Becky: Does Character Really Matter?
Does Character Matter?
I grew up in a “Leave it to Beaver” type family in the Midwest, or so I’ve been told. The only time I ever heard the word character mentioned in the description of a person was in the context of something like “Boy, that Joe sure is a character.”
I never thought of a person having character, or rather, I never imagined that a person wouldn’t have it. Maybe I led a somewhat sheltered life but I still don’t think my childhood was that out of step with the times.
Fast forward to present. Every day it seems we are faced with details about the life of a politician or athlete that brings their character into question. This brings out the talking heads who can’t wait to tell us what wonderful qualities these people have if we look beyond their offensive behavior. They usually go on to state that we owe them another chance since, after all, he who is without sin cast the first stone sort of argument. Amazing how they will quote Scripture when it fits their agenda. I’m here to state for the record that character does matter, or at least it should.
Let’s look at just two of the much ballyhooed cases that are currently in the news.
First, there’s Anthony Wiener. I will forego all the requisite jokes about the name fitting his actions and get right to the heart of the controversy. Basically he tweeted pictures of his private parts to and “sexted” with numerous young women.
He then denied having done so, hacked his own Twitter account and hired a private investigator to find out who hacked said account paying for this service with campaign funds. After much ado, he resigned from Congress to work on his relationship with his long-suffering wife, Huma. A man of character would have ended his quest for public office then and there.
Apparently his thirst for power or whatever drives him got the better of him and he is now running for Mayor of New York City. Needless to say, more incidents of his Twitter infidelity have come to light. While I have strong feelings about it, I won’t even get into the argument about whether or not what he did was wrong. You can say that it is a matter between he and his wife and that if she can forgive him, why shouldn’t we and I’d have to agree to an extent.
My complaint with Mr. Wiener is that he lied. He lied about doing the behavior then about a mystery person hacking his account and releasing the information, he then lied to the PI who he hired to find the hacker. He lied to the very people that he wants to trust him enough to elect him to a roll where lying shouldn’t be tolerated.
Second, there are the cheaters in Major League Baseball. What ever happened to baseball, hotdogs, and apple pie? While hotdogs continue to be the source of jokes concerning what exactly they’re made of and apple pie has been demonized by the diet police as causing obesity, MLB has been seemingly taken over by men playing a kids game for major league money, all the while enhancing their performance by using illegal drugs. Is nothing sacred?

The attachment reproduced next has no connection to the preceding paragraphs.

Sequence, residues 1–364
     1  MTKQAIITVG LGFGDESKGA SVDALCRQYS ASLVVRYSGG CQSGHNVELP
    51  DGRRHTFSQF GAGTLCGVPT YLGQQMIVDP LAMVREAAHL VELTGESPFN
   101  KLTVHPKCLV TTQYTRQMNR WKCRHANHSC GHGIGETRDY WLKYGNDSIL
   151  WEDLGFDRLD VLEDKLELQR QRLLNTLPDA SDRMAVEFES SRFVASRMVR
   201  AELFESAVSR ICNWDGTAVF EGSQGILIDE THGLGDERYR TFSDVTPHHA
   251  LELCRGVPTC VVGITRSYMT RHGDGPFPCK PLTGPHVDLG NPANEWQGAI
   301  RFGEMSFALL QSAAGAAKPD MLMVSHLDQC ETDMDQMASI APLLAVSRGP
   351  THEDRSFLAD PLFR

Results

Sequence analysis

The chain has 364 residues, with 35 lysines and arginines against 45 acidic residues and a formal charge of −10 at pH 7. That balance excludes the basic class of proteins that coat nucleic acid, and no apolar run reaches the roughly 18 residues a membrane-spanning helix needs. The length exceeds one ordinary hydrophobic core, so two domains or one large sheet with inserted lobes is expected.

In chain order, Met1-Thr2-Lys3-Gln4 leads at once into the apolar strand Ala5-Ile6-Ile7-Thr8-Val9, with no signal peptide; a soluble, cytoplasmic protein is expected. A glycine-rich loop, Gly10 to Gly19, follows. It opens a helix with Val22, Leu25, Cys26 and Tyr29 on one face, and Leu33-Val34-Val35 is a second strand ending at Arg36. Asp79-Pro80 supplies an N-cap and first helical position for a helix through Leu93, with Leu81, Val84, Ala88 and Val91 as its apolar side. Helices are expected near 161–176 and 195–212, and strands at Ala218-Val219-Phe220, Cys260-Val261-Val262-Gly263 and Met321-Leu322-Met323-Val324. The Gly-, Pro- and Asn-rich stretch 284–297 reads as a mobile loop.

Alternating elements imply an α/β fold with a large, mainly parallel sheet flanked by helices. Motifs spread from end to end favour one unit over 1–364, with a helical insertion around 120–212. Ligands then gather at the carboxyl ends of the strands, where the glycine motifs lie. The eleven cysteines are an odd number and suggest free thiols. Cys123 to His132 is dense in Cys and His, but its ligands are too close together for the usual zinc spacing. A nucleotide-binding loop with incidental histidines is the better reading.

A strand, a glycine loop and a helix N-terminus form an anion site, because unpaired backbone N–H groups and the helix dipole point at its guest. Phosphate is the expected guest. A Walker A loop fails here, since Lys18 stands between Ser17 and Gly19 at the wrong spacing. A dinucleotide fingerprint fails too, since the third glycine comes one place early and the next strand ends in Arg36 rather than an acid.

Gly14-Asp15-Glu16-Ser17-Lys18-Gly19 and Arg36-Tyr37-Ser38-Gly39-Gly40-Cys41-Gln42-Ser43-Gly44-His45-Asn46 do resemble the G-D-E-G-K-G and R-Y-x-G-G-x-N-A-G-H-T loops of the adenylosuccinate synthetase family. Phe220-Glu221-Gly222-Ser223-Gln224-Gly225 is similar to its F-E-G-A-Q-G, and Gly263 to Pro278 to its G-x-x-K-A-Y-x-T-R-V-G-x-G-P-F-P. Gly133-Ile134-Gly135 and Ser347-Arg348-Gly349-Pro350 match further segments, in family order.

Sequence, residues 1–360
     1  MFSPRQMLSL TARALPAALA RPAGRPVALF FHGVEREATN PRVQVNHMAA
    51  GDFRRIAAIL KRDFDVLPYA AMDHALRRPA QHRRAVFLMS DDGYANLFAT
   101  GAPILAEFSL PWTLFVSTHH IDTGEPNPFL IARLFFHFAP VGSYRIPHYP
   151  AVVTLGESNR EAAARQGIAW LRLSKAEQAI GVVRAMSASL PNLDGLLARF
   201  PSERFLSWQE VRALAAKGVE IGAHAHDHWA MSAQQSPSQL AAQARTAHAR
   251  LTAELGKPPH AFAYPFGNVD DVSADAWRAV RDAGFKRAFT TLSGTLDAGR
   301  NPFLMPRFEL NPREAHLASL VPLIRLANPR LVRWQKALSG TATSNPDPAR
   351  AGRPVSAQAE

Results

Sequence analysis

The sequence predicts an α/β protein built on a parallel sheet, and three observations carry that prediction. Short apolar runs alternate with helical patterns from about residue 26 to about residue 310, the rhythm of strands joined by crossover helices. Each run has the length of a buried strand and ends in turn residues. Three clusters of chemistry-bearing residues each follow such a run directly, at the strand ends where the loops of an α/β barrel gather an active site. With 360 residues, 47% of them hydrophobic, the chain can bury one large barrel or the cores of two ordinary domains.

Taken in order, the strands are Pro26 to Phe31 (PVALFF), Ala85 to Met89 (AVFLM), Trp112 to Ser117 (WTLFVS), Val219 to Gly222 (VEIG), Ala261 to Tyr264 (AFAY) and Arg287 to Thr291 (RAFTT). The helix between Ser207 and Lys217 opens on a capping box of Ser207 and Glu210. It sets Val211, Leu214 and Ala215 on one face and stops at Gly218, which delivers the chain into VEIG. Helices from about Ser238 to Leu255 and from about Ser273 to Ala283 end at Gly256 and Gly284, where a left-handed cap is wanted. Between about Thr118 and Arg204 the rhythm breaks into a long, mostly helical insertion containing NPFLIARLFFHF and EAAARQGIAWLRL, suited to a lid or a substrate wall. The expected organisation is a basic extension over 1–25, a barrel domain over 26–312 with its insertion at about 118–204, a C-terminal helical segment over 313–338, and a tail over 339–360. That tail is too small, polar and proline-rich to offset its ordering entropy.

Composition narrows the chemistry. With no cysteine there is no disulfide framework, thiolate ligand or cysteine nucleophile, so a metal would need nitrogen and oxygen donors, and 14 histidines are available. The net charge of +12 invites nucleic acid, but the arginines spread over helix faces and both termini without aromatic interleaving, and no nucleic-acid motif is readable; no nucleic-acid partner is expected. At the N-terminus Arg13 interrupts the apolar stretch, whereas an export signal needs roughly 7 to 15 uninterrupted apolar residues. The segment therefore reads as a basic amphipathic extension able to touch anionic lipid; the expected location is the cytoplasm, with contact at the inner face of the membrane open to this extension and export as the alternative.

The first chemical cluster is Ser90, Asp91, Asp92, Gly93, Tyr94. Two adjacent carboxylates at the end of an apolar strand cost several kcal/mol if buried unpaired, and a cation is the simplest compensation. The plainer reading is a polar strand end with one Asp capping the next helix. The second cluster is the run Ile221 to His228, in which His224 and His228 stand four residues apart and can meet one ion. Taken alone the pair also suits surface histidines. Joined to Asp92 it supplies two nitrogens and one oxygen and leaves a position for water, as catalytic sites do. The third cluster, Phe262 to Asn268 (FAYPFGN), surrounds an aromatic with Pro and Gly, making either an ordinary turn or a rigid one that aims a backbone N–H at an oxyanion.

I could single out a player who appears to be one of the worst offenders, but getting on the bandwagon to bash A-Rod is just too easy. This appears to be a culture of success at any cost where cheating has become, while maybe not the norm, at least a common occurrence. I’m glad to see that MLB is finally trying to clean up the mess, but what about the players who are found guilty?
If we are to believe that character doesn’t matter, we can overlook this lapse in judgment and cheer them on if and when they return from their suspensions like nothing ever happened. We can respect their talent and continue to view all the records they have set and awards they have garnered with awe and wonder.
I guess I’m just not in a very forgiving mood anymore because to me, character does matter. They all knew the rules about doping and yet they chose to do it anyway to get ahead. I want to see their records voided. I want to see the man that came in second for MVP or the Cy Young Award finally receive the accolades due him. It’s not like the rules changed all of a sudden and these players were not aware of them. There have to be consequences for their actions. I will never be able to look at any of their accomplishments the same way.
I think this great country of ours is at a major crossroad. Will we go back to our roots and once again view a persons character as a matter of utmost importance, or will we let it slide like so many of our values have recently? It’s up to all of us to influence the way our country will go. The decisions we make will help shape the character, or lack there of, of the United States for years to come.